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Lazy Loading with React Suspense

Lazy Loading with React Suspense

React.Suspense, along with React.lazy() the method was introduced with React v16.6 that allows us to load components asynchronously which means they are only loading the code behind them when they are really required when they are being rendered. This new ability makes code splitting and lazy loading of React components. And let's have a look at how this works now.

Getting Started

Before started, you will need to make sure you are using React v16.6 or higher. If you’re starting a fresh project, or if you’re working with an older project that is not on the correct version, simply check your package.json file:

"dependencies": {
    "react": "^16.6.0",
    "react-dom": "^16.6.0",
    "react-router-dom": "^4.3.1",
    "react-scripts": "2.0.5"
}

or install via npm or yarn package manager

$ npm install -s react react-dom
$ yarn add react react-dom

Then to handle lazy loading components, we have to import Suspene and lazy:

import React, { lazy, Suspense } from 'react';

React.lazy

The lazy() method takes a function that must call a dynamic import(). This must return a Promise which resolves to a module with a default export containing a React component.

Before

import SomeComponent from './SomeComponent';

After

const SomeComponent = lazy(() => import('./SomeComponent');

React.Suspense

The React.Suspense component allows us to wrap a component up and specify a fallback component which will be shown while the wrapped component loads:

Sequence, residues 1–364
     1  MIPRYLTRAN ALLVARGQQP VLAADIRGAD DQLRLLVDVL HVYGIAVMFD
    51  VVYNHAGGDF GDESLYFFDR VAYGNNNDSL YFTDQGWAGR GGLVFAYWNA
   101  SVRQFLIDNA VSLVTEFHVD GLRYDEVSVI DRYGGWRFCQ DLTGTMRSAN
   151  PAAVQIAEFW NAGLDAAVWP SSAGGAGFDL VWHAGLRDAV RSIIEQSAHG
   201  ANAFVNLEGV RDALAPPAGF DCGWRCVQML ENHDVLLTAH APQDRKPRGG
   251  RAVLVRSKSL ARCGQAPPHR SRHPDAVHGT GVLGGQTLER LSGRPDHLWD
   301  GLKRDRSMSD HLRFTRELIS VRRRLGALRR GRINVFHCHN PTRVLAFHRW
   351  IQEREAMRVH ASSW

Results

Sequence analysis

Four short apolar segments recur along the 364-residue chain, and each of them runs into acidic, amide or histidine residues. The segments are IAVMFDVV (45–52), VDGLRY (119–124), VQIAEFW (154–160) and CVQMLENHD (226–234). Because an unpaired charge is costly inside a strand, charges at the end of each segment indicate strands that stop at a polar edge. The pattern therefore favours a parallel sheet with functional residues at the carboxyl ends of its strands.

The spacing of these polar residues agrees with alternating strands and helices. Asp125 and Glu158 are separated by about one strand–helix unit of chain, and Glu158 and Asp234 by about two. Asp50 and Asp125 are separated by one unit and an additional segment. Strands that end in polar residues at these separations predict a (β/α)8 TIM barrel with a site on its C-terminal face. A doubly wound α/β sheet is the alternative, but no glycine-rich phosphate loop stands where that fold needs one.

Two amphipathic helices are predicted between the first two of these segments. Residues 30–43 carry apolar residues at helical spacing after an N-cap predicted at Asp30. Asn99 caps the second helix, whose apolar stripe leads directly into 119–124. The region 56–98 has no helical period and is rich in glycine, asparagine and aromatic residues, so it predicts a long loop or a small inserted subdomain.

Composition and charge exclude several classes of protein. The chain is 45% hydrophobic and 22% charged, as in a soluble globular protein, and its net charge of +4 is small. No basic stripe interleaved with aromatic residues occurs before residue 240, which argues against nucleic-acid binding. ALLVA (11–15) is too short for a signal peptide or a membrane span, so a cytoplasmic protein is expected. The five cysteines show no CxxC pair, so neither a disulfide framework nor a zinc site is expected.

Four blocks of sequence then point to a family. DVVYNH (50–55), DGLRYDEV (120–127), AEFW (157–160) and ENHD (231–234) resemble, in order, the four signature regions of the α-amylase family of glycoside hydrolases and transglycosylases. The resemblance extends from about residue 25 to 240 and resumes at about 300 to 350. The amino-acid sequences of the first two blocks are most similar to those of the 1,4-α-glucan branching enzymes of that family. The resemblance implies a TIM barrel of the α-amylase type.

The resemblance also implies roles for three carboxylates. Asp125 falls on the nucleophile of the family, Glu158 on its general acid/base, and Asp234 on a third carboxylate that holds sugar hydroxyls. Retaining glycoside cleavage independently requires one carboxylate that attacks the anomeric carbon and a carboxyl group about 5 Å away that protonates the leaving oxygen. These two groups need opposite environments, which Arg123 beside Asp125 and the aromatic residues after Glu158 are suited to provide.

<Suspense fallback={<div>Loading...</div>}>
  <SomeComponent />
</Suspense>

Make it All Together

Let’s start with the component we’re going to import. For this example, I’ve created a very simple components Posts.jsx and Users.jsx


import React from 'react';
const posts = props => (
  <div>This is post Page</div>
);
export default posts;

import React from 'react';
const user = props => (
  <div>This is user page</div>
);
export default user;

Next, we have to change out App.jsx boilerplate code and a small bit of state logic so that we can manually trigger the loading of our component:

import React, { Component, Suspense, Fragment } from 'react';

import User from './components/User';
const Posts = React.lazy(() => import('./components/Posts'));

class App extends Component {
  state = { showPosts: false };

  modeHandler = () => {
    this.setState(prevState => {
      return { showPosts: !prevState.showPosts };
    });
  };

  render() {
    return (
      <Fragment>
        <button onClick={this.modeHandler}>Toggle Mode</button>
        {this.state.showPosts ? (
          <Suspense fallback={<div>Loading...</div>}>
            <Posts />
          </Suspense>
        ) : (
          <User />
        )}
      </Fragment>
    );
  }
}

export default App;

Conclusion

Async rendering and that is really something useful and a great addition with React v16.6 we'll see more on that async rendering thing in future versions. And right now this is what we can use React lazy. Please be aware that this will not work if you're trying to serve a side rendered (SSR). We can see what's special when we reload the page and then go to the Network tab. Now after reloading clear it and now click on the posting page and you will see that there is loaded a new file and that is the file holding the code for this component and that is async rendering.

You may also like: How to update the state based on the previous state

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